You say, "Mirror Words!" and quickly lift your hands. Students respond, "Mirror Words!" and quickly lift their hands. Then, your kids repeat your words and mimic your gestures as you present a lesson.

Once your students are ready, increase the funtricity by adding variety: use voices, change your pitch, use whispers.  The more variety, the more fun!

When you're ready, increase critical thinking with variations of the Brain Engager by using the Upgrades at the bottom of the page. Magic Mirrors is a favorite!

 

How do I use direct instruction? - The One Minute lesson

Whether you are delivering content or giving directions for an activity, this much is true: the more we talk, the more students we lose.

To deliver your instruction, speak in short chunks using Mirror Words, talking about one new thing for only one minute.  The key is to speak briefly and make engaging gestures. Explain this one new thing in different ways using varied voice and gestures, while students repeat.

To deliver your lesson, break it down into one minute chunks. Think about what you want students to know or what you want them to do in one minute increments. What do you want students to know or do first? Once they understand that, what's next? What's after that? Break any lesson into bullet points, teaching one new point at a time.

Using memory gestures for concepts powerfully engages a student’s motor and visual cortices, thus helping to build stronger memories. Each bullet point is taught with gestures. For example, when you say "fraction" hold one fist on top of the other. Waggle the top fist when you say, "numerator", waggle your bottom fist when you say, "denominator." To access hundreds of gestures and illustrations for core concepts, explore our Power Pix.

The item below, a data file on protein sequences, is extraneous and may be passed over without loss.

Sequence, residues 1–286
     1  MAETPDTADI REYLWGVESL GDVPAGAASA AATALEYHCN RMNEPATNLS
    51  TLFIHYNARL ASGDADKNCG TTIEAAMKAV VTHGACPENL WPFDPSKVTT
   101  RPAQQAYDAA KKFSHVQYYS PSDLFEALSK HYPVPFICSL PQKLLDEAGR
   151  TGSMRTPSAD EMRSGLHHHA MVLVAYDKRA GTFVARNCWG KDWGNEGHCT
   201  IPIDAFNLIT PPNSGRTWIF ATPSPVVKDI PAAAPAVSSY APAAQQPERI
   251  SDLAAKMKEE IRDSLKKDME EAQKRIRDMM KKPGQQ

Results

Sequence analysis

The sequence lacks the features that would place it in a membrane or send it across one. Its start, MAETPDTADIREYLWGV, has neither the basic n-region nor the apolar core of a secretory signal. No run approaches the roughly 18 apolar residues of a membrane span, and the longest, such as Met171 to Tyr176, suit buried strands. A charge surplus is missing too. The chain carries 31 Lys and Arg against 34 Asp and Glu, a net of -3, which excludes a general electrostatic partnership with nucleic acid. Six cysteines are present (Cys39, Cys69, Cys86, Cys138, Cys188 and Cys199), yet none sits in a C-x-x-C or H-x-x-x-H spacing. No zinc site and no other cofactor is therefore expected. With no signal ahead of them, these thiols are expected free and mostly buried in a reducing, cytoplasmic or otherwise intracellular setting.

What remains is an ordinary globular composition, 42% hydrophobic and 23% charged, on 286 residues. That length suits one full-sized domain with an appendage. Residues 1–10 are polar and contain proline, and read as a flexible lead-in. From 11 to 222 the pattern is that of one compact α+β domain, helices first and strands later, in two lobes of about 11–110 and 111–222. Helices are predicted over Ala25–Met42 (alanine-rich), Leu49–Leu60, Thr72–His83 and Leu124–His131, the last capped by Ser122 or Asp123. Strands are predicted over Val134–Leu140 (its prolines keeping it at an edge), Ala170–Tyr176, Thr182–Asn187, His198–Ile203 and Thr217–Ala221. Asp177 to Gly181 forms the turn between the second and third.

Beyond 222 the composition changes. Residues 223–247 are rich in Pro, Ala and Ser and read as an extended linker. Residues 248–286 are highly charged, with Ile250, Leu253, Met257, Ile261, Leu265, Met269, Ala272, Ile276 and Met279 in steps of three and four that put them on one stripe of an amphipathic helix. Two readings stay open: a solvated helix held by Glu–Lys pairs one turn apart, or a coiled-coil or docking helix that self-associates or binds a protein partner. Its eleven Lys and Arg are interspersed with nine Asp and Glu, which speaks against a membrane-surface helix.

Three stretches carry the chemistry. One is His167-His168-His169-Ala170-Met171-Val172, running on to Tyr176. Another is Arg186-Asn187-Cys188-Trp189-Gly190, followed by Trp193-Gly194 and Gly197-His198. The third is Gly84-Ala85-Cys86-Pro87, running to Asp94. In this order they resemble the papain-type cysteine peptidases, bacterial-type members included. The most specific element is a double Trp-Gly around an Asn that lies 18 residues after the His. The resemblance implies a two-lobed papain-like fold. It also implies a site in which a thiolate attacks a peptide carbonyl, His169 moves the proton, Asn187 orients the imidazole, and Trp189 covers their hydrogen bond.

When you're finished delivering your lesson, say, "Mirrors Off" and students repeat "Mirrors off." Now you're ready for some collaborative learning and formative assessment with the next step in the WBT Basics Cycle.

How do I turn my students into teachers? - Collaborative Learning

Teach-Okay is WBT's version of Collaborative Learning. Simple as pie ... speak briefly, not much more than about a minute, teaching one new idea. Now, clap twice and exclaim "Teach!" Your kids clap twice and exclaim, "Okay!"

Students turn to their neighbors, use big gestures, and paraphrase what you said.  Paraphrasing, of course, is a key intellectual skill. Kids don’t truly understand lessons until they can translate what they’ve heard into their own words.

The Teacher in a student pair summarizes your lesson and makes explanatory gestures.  The Student mirrors the Teacher’s gestures. Thus, it is easy to spot off-task kids … they aren’t moving!!  Simply stand beside them, whisper, “Big gestures, please!”

As you walk around the room, checking comprehension, you'll know whether to repeat your lesson, or go on to the next point. This is the simplest and most powerful formative assessment you will ever use.

We can’t judge students’ understanding by their facial expressions. Too often we are shocked during assessments when we discover how little of our lessons kids absorbed.  In place of testing every few months or even every week, in WBT we evaluate student understanding every 60 seconds.  Walk the room, check comprehension by listening to students paraphrase your last concept.

When you're ready, increase the critical thinking during collaborative learning with the Upgrades at the bottom of the page. During Teach OK, students can be repeating the teacher's lesson, paraphrasing the lesson, coming up with their own examples, orally filling in sentence frames, comparing, contrasting, using Brainies...the sky is the limit! This is where the true magic of collaborative learning comes in.